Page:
An African-American Love Story

I have been writing poetry since I was 8. My journals are filled with little Black girl poems…often sad and sorrowful at the time. My mom sent a few of my poems to Gwendolyn Brooks, and she gave me a little poetry primer. I took my love of poetry to the University of Iowa in 1985 as a freshman. And at Iowa, in the Black Poetry class taught by Professor Melba Boyd, I learned by painful lessons of editing. I was so hurt the first time Professor Boyd handed my little poems back full of red marks. I wrote a poem about it. I wrote on December 8, 1985:

Don’t reject me

Any part of me

My Poems

Speech

Laughter

Body

And Love.

Just don’t.

….

Accept

My poems, with or without sounds and imagery

My speech, with our without dalect

My laughter, nervous or real

My tears, with or without purpose

My body, pure or used

My love, fresh.

Don’t shove back my poems

Engulfed with red marks of

Hatred and coolness

Don’t hand it back

Don’t.

And so, throughout my life, at different moments, I’d be inspired to write a poem. Poems need space and inspiration. A few years ago, I was inspired to write a poem for Jarvis Christian College, where my mother went to school — a small historically Black college in Texas. They had invited me to be a keynote speaker for their Founder’s Day.

For Jarvis

May the grace and goodness of God guide you

May the alums and ancestors anchor you

May you always feel the love of the Negro Mother

And remember her passionate plea:

Don’t sit down; don’t turn around; don’t give up

Because you finds it a lil’ hard

You have seeds of survival and strength that have been

Watered by your ancestors’ tears of sorrow

Cherish those seeds within with compassion

Even as you water them with your own tears

Of struggle

So that you can be a tree

Proud and powerful

Strong, yet sensitive

Tough, yet tender

Able to bend and not break

with branches

Upon which others will

Climb

To their destinies of greatness.

And, then Nikki Giovanni, always inspires me. And so, I had to write poems for her. I wrote 4 poems: The Only One; Courage; Tears for Humanity; and Walking the Talk. I shared them with Nikki and she sent a wonderful handwritten thank you note. She is so gracious and kind. (You can read the poems at the post below called “A Tribute to Nikki”).

A Tribute to Nikki Giovanni (blog post)

And so, for this Black History month, I felt inspired to write a poem. It is called An African-American Love Story

I, I am an African-American Love Story

Birthed from the Ultimate Mother – the Divine Mother

The Motherland of Africa

A place of old wise ways and wisdom

Pyramids and temples,

ancient ancestral energy

I, I am an African-American Love Story

From the Motherland to the Fatherland

From Africa to America

Baptized in the Middle Passage through trauma and trials

Through rape and ravaging

Required to recreate a new language.

I, I am an African-American Love Story

And every love story needs a song – a love song.

A love song, bathed in rhythms from slave ships, cotton fields,

Plantations of tobacco and paddies of rice.

A love song to comfort and caress.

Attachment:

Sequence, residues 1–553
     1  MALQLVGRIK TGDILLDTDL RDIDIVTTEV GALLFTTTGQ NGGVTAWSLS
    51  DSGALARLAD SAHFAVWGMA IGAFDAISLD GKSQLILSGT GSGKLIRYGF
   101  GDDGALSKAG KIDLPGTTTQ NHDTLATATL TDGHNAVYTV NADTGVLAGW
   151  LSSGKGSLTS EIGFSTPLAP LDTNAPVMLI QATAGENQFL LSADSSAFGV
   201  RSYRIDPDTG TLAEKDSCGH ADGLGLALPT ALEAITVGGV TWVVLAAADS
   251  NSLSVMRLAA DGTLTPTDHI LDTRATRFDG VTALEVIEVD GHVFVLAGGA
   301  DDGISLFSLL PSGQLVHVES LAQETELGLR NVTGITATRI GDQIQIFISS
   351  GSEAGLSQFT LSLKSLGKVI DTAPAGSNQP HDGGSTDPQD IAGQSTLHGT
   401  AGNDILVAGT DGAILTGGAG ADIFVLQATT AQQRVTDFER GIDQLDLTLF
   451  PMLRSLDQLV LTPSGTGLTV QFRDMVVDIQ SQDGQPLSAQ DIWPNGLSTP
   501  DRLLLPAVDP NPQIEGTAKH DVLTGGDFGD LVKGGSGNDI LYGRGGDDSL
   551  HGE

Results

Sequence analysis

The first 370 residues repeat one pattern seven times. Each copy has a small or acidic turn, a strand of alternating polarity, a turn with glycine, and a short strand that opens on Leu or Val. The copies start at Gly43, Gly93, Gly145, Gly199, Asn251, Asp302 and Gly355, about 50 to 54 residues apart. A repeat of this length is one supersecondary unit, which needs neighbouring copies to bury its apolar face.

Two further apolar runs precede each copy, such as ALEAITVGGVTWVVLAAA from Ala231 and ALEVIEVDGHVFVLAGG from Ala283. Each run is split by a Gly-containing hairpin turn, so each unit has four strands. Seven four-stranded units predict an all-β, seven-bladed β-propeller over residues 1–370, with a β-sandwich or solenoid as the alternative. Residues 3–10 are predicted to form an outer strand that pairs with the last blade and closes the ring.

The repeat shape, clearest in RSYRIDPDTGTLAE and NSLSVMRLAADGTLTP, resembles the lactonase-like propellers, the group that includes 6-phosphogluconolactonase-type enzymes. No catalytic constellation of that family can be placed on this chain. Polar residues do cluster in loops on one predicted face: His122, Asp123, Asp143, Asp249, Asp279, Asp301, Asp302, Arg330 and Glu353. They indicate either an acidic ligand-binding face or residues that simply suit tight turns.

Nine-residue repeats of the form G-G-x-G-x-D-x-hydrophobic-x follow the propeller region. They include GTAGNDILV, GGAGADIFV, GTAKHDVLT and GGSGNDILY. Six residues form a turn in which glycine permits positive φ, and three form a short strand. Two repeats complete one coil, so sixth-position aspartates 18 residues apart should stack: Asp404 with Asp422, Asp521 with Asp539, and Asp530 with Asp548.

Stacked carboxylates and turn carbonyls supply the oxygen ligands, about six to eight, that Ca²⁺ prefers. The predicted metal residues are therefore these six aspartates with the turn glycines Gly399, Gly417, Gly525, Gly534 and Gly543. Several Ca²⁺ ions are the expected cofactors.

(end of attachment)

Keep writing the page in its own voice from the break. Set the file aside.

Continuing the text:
Spirituals, gospel, rhythm and blues, jazz, reggae, rap, and hip-hop,

Soulful and sometimes sorrow full

Drums pulsing to my beating and bleeding heart.  

I, I am an African-American Love Story

Fed with soul food, leftovers made magical,

Reviving and restoring my soul’s empty spaces

I , I am an African-American Love Story

Shielded

Shrouded 

Shored Up  and

Sheltered in the Secret Place of

the Most High

A God of my weary years

A God of  my  silent tears

A God who has brought us thus far on the way

A God who resurrects unborn hope.

And so let’s lift every voice and sing

Let’s sing,

A song full of faith

Let’s sing,

A song full of hope

Let’s sing

A song full of love

For the greatest of these is love,

And We

We are an African-American Love Story

The poem recitation is excerpted below, but the full video as part of Menah’s Matinee: Music and Musings, is available on Menah Pratt-Clarke YouTube channel and included at the end of this post.

Poetry Recitation of “An African-American Love Story”

I do think of myself as African-American because my father, now an ancestor, was born and raised in Sierra Leone, West Africa. My grandmother took me to visit my ancestors in the cemetry in Freetown and she introduced me to them and poured libation for them. I have a deeply spiritual and personal connection to the Motherland. But, as an American, I have a loyalty and pride in my American identity. As the great granddaughter (my mother’s grandmother) of enslaved ancestors from Alabama, I feel that connection to the legacy of slavery in America. But I also feel the power of a people who have survived and are surviving, and trying to thrive in this land. Our country.

And, so the African-American Love Story is a testament to the hill we have climbed so far, and are still climbing as Amanda Gorman so eloquently shared at the inauguration.

Let us keep marching on. Ever forward.

Menah’s Matinee: Music and Musings, including a piano solo of Lift Every Voice and Sing

1 thought on “An African-American Love Story”

  1. Your poetry is beautiful. Thank you for sharing something so personal. I happened upon your blog because you mentioned it in a webinar I watched. Your work and outlook on life and people is inspiring to me. Thank you.

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